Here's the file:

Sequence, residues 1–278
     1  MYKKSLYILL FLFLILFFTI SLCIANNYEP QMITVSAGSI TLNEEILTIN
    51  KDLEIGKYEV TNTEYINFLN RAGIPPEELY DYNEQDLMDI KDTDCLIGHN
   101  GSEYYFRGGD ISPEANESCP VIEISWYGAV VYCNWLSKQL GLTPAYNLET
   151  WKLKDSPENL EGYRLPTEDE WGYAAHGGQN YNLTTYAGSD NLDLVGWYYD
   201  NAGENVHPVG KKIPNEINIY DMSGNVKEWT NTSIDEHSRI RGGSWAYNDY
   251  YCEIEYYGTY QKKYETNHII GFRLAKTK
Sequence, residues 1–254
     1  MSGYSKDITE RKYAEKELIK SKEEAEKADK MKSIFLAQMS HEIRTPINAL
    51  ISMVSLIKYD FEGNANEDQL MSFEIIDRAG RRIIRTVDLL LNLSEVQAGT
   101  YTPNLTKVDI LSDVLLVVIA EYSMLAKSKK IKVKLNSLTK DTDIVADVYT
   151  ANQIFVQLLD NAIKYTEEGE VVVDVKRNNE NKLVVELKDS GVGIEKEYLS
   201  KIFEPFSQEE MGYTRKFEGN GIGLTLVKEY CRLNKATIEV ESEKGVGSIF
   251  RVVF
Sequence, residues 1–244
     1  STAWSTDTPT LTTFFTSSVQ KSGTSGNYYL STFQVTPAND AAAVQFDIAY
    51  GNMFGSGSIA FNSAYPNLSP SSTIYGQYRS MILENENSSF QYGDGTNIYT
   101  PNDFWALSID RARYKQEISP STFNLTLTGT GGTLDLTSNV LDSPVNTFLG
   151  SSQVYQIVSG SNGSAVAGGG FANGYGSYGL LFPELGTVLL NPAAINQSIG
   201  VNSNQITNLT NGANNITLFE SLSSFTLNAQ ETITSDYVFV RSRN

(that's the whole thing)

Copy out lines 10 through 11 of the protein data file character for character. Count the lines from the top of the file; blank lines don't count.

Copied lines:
    51  ISMVSLIKYD FEGNANEDQL MSFEIIDRAG RRIIRTVDLL LNLSEVQAGT
   101  YTPNLTKVDI LSDVLLVVIA EYSMLAKSKK IKVKLNSLTK DTDIVADVYT